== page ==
Giano Accame

In Memoriam

by Massimo Bacigalupo

reprinted from: Paideuma 36 (2007-2009): 255-61.

The son-in-law of the Carlo Delcroix of The Cantos, Giano Accame was a journalist and writer on politics and economics associated with the more progressive section of the M.S.I. (Movimento Sociale Italiano), the party which after the war inherited the legacy of Fascism. Accame was on the staff of the conservative satirical weekly Il Borghese, which published notes about Pound, and he continued to write for the press throughout his life. He claimed to have left the M.S.I. in 1968, because of the party’s opposition to the student protest. He called himself “a left-wing Fascist,” though he was very much the old-fashioned gentleman, open to every opinion, ironic and friendly. An “old man with beautiful manners,” like those celebrated by Pound in “I Vecchi.”

Accame’s political career began at age 17. On 25 April 1945, the last day of the war in Italy, he enrolled in the Navy of the R.S.I., the Republic of Salò in defense of which E.P. had written the inflammatory cantos 72-73. Accame claimed that he was the last volunteer of the R.S.I. By the evening of the same day he had been arrested, Fascism and the R.S.I having come to an end.

While he often wrote on economics, Accame became interested in E.P. only late in life, though his family connection could have led him to The Cantos. He spoke at some Pound events organised by the Right, but eventually befriended the more respectable scholarly set. In 2002, for the Italian television network RAI he curated with Sergio Tau a series of documentaries, Intelligenze scomode del Novecento, on controversial 20th-century right-wing figures like Céline, Marinetti, Mishima, Junger, Gentile and Pound. He was also interviewed at length for a 2005 documentary, strangely titled A Baby in the Woods – Il sogno infranto di Ezra Pound, directed by Leopoldo Antinozzi, and produced by Rai Educational.

In 1995 he published for a small publisher his interesting book Ezra Pound economista – contro l’usura, which I reviewed in Paideuma 26.1 (1997): 137-40. In 2008 Wayne Pounds, a Pound scholar in Japan, published (in the on line journal FlashPoint #11 ) segments of his translation of this work, but the translation is so faulty as to be nearly unintelligible, and often says the opposite of the original. Both Accame and Wayne were aware of this (I told them), but they decided to go ahead and make the “translation” available experimentally. A synopsis of Accame’s well-argued points about Pound’s economics can be found in my Paideuma review. Essentially, Accame claims that Pound’s obsession with monetary matters, which until recently, when social conflict was at the center of world politics, could be dismissed as cranky, has become more understandable and relevant today, when finance rules the world and we know less and less what money really is. Accame was also friendly with the brilliant painter Pablo Echaurren, who produced an inventive comic-strip life of Pound -- reprinted in Echaurren, Vite di poeti (2000).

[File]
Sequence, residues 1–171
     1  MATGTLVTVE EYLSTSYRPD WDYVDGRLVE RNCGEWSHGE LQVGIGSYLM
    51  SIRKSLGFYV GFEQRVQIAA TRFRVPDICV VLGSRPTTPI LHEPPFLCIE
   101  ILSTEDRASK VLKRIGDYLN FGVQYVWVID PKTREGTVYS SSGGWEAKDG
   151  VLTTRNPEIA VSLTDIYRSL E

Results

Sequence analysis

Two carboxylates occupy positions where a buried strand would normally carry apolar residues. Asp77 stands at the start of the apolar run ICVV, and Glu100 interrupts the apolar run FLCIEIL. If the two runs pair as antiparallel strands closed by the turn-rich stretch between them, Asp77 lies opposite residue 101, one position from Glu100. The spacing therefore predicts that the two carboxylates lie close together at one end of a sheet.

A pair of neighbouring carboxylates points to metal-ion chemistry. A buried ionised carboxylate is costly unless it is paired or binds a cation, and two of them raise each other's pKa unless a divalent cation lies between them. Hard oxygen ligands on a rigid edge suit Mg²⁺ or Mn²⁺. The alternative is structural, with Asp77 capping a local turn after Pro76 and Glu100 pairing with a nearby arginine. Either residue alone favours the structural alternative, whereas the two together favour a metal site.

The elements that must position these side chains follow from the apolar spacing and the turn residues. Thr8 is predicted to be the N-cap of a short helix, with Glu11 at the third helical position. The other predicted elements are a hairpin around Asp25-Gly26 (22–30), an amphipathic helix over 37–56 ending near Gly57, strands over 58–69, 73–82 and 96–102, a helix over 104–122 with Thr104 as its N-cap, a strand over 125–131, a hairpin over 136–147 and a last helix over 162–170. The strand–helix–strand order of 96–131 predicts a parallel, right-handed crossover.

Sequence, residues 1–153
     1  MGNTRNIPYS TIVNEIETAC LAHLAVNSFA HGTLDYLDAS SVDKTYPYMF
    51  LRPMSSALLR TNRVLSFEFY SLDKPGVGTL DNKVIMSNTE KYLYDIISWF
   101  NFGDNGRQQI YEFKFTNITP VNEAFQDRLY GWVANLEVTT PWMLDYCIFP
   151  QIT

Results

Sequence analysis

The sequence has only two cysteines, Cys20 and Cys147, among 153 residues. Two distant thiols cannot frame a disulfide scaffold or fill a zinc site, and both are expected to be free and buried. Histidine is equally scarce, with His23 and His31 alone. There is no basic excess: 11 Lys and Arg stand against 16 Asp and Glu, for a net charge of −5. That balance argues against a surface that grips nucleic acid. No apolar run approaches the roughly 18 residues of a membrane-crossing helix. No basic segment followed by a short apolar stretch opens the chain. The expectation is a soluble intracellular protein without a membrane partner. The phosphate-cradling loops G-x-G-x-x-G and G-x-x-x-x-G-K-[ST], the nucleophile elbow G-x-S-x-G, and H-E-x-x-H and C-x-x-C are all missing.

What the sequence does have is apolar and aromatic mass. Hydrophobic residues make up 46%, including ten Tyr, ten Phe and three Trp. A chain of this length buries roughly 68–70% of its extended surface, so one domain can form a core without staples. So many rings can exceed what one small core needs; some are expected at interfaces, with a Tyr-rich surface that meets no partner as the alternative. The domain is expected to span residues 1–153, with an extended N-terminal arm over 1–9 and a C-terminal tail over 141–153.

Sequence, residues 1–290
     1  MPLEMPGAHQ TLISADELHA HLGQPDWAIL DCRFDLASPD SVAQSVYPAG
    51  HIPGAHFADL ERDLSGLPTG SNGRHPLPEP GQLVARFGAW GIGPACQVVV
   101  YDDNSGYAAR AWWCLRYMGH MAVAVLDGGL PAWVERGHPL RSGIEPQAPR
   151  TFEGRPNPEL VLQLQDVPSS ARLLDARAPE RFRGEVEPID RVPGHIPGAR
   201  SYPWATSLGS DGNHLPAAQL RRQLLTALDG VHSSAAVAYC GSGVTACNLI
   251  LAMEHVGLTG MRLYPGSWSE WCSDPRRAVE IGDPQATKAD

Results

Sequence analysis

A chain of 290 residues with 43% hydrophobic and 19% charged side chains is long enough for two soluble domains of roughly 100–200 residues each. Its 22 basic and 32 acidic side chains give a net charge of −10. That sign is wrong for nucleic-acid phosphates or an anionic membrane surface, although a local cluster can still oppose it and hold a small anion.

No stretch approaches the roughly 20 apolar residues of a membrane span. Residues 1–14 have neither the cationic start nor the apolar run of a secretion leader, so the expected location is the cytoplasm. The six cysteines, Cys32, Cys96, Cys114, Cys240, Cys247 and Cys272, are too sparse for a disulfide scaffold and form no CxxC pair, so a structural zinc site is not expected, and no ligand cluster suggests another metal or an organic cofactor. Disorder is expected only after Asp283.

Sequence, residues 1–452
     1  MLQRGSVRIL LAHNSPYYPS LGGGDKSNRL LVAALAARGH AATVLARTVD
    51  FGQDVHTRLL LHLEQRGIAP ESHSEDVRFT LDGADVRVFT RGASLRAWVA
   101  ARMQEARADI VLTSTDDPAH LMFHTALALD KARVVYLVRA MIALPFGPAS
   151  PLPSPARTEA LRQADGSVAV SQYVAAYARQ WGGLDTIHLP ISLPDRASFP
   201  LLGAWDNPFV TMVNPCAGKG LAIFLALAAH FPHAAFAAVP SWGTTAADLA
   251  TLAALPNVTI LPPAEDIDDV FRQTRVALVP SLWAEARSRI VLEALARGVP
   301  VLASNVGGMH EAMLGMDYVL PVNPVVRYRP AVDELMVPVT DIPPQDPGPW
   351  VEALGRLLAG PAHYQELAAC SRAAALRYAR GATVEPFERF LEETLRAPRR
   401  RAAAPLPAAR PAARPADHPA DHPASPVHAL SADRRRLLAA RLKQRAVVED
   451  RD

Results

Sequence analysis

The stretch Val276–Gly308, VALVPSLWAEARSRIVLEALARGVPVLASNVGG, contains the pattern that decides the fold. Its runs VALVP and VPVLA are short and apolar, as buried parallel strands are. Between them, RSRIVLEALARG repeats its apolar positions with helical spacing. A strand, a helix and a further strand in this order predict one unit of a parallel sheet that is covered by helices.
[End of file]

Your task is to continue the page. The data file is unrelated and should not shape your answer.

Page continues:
Accame participated in the 2005 International Pound Conference, when he introduced his Pound documentary of 2002. One of his last public statements was in connection with Giulio Giorello’s controversial article “Elogio libertario di Ezra Pound” (Corriere della Sera, 18 February 2009). He was asked by the Corriere to comment on left-wing re-valuations of Pound (like Giorello’s), and he was glad to point out that since the 1970s Pound has been studied and appreciated by scholars of all political orientations, citing as an example the Italian version of my book The Forméd Trace.

When I last spoke to him on the phone I asked him about the infamous Casa Pound – a group of neo-Fascist thugs in Rome, who have made themselves conspicuous and given Pound a bad name in the Italian press (which has usually taken little interest in Pound’s fascist side). Accame, given his politics, took the position that “boys will be boys” – there are turbulent left-wing youngsters, so why not the same from the other side. He didn’t seem to realize how damaging a Casa Pound on the front pages of the national press is to a dispassionate consideration of Pound’s sins and virtues. The fact that Accame only discovered Pound in the last decades of his life, despite the family connection to Carlo Delcroix, actually shows how marginal Pound was to Italian Fascism and its successors. Now however, because of Casa Pound, the connection is being brought home with a vengeance.

Accame would have been more pleased to be remembered as a passionate writer, social thinker and, why not, as a proud Italian. (His family came from Loano, on the Italian Riviera, though he lived mostly in Rome.) He loved the Usura canto, and he must have been delighted by E.P.’s many celebrations of his father in-law, who even gets transferred to a Na-Khi landscape after grasping the “magnificence” of Gesellite theory: “Delcroix: ‘che magnifica!’ / (prescrittibile) / he perceived it: / The green spur, the white meadow...” (101/736).

Editor's Note: below you'll find

— links to Wayne Pounds' translation of Chapter 1 of Accame's Ezra Pound Economista: Contro L'usura as it appeared in FlashPoint #11: Ezra Pound and Wall Street
— a sample of Pablo Echaurren's Vite di Poeti and Vita di Pound
— and a youtube video of a selection from Ezra Pound - Da "Intelligenze scomode del Novecento", featuring a segment with Massimo Bacigalupo.

     Giano Accame

Art and Usury from Dante to Pound

(a selection from Ezra Pound Economista:
Contro L'usura
, translated by Wayne Pounds)

Pablo Echaurren Vite di Poeti and Vita di Pound:

This RaiCultura selection from
Ezra Pound- Da "Intelligenze scomode del Novecento"
contains a segment with Massimo Bacigalupo.